Self-esteem, self-efficacy, and social support as predictors of communicative participation in adults who stutter

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Abstract

Purpose: This study aimed to identify contributors to communicative participation in adults who stutter. Specifically, it was of interest to determine whether psychosocial variables of self-esteem, self-efficacy, and social support were predictive of communicative participation beyond contributions of demographic and speech-related variables. Method: Adults who stutter (N = 339) completed an online survey that included measures of communicative participation, self-esteem, self-efficacy, social support, self-reported speech-related variables (speech usage, number of years stuttering, history of treatment and self-help support group participation for stuttering, and physical speech disruption severity), and demographics (age, sex, living situation, education, and employment status). Hierarchical regression was performed for prediction of communicative participation, in addition to calculating Spearman correlations between social roles variables, communicative participation, and physical speech disruption severity. Results: After controlling for demographic and speech-related variables, self-esteem, self-efficacy, and social support each significantly predicted communicative participation in adults who stutter. Large correlations were observed between communicative participation and measures of social roles, whereas medium correlations were observed between physical speech disruption severity and measures of social roles. Conclusions: Communicative participation in adults who stutter is associated with a variety of demographic, speech-related, and psychosocial variables. Speech-language pathologists should be aware of predictors of communicative participation such as self-esteem, self-efficacy, and social support, in addition to severity of physical speech disruptions. They should consider and evaluate these factors in clients who stutter and target them in treatment if necessary.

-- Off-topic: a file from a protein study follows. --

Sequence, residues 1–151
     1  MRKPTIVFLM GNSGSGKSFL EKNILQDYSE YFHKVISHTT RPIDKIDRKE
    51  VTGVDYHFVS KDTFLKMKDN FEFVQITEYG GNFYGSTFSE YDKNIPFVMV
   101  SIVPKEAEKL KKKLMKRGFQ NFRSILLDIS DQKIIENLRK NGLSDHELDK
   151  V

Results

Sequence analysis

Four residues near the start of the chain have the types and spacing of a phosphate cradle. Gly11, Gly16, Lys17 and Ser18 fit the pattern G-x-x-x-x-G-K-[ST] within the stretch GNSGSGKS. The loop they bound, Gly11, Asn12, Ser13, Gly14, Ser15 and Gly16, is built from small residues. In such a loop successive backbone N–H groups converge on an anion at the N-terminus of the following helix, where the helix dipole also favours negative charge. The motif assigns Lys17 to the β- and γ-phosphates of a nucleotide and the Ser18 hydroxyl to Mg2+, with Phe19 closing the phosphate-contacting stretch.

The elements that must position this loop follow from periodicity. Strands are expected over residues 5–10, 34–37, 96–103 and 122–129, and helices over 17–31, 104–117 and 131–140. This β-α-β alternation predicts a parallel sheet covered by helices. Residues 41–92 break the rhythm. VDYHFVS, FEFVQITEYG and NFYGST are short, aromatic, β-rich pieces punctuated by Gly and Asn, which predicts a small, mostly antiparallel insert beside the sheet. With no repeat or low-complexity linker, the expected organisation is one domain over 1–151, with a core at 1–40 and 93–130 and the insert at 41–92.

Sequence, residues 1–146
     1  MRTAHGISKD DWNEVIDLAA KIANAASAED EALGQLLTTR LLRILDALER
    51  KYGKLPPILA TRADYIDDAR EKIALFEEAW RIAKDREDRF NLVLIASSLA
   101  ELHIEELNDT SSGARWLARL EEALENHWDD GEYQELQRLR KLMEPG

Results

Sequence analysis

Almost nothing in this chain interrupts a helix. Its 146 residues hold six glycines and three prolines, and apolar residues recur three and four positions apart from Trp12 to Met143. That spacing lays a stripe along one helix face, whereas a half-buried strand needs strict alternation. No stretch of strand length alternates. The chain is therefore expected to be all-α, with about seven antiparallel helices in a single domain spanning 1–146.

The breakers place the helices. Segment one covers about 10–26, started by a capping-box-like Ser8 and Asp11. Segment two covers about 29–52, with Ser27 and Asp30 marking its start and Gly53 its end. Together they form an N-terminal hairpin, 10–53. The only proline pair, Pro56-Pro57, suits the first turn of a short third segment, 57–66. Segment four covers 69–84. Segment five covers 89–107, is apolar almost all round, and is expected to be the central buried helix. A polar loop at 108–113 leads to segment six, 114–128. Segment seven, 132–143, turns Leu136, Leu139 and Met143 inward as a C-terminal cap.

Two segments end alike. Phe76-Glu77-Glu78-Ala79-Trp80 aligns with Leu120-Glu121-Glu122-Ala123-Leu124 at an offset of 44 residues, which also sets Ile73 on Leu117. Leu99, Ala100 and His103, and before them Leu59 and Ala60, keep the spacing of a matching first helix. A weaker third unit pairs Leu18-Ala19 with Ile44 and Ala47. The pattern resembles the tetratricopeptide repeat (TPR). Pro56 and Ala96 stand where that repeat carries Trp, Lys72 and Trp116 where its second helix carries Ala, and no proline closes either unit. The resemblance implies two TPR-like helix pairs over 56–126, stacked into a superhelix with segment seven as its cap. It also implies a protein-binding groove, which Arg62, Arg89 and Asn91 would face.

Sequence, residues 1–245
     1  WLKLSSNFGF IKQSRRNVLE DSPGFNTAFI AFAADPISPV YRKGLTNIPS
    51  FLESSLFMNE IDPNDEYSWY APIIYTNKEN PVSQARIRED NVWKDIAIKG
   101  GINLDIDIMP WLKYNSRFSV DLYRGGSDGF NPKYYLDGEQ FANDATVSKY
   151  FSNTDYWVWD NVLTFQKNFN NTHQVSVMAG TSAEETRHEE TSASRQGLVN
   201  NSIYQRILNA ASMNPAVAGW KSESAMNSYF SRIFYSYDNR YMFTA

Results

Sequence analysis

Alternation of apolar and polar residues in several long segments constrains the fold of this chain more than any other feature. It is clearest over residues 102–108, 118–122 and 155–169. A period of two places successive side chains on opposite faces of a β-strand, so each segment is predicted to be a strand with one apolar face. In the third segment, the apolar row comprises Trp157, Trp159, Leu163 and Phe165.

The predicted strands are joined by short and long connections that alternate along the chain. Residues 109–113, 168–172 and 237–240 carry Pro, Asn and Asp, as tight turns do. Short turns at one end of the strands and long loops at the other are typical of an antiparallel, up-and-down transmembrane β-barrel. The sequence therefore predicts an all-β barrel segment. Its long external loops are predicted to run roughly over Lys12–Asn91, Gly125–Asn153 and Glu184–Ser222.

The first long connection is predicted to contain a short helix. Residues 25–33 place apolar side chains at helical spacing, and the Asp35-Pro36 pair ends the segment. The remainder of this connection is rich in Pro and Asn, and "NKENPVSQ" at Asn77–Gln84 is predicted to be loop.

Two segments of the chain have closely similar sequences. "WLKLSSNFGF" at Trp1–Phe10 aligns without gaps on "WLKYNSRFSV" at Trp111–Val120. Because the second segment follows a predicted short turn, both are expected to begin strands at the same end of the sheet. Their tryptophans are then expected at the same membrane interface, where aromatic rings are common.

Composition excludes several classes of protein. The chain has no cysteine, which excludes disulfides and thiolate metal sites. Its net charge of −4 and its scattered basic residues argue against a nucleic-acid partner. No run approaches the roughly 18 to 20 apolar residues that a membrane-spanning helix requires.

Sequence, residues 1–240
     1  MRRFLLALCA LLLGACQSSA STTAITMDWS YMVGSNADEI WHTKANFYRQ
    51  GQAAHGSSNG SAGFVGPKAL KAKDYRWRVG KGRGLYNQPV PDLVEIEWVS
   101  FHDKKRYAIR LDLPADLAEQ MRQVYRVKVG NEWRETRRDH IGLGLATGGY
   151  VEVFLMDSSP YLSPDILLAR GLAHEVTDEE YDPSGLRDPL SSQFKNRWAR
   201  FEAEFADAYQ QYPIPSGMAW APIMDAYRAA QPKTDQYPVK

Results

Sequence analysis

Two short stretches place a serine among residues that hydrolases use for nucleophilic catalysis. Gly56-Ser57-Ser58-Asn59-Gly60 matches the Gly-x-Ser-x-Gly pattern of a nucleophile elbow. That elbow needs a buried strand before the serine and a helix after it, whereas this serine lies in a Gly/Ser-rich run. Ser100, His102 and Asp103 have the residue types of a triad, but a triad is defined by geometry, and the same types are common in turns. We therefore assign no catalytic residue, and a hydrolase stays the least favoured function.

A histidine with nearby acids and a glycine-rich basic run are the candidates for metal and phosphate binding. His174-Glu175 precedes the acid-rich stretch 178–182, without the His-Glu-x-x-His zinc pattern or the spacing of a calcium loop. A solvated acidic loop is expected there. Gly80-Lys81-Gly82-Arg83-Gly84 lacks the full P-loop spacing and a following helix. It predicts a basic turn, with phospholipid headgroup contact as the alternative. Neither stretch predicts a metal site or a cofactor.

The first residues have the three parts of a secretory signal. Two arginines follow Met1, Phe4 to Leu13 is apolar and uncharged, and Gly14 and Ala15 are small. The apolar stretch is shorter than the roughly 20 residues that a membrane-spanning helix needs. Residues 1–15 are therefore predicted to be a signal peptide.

Original languageEnglish
Pages (from-to)1893-1906
Number of pages14
JournalJournal of Speech, Language, and Hearing Research
Volume61
Issue number8
DOIs
StatePublished - Aug 1 2018

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Self Efficacy
Self Concept
Social Support
self-esteem
self-efficacy
social support
participation
Social Role
Demography
Stuttering
Self-Help Groups
Self-efficacy
Participation
Self-esteem
Stutter
Predictors
self-help
online survey
Language
Education

All Science Journal Classification (ASJC) codes

  • Speech and Hearing
  • Language and Linguistics
  • Linguistics and Language

Cite this

@article{c8ceafa324ba47adaca50a4ebc1d168f,
title = "Self-esteem, self-efficacy, and social support as predictors of communicative participation in adults who stutter",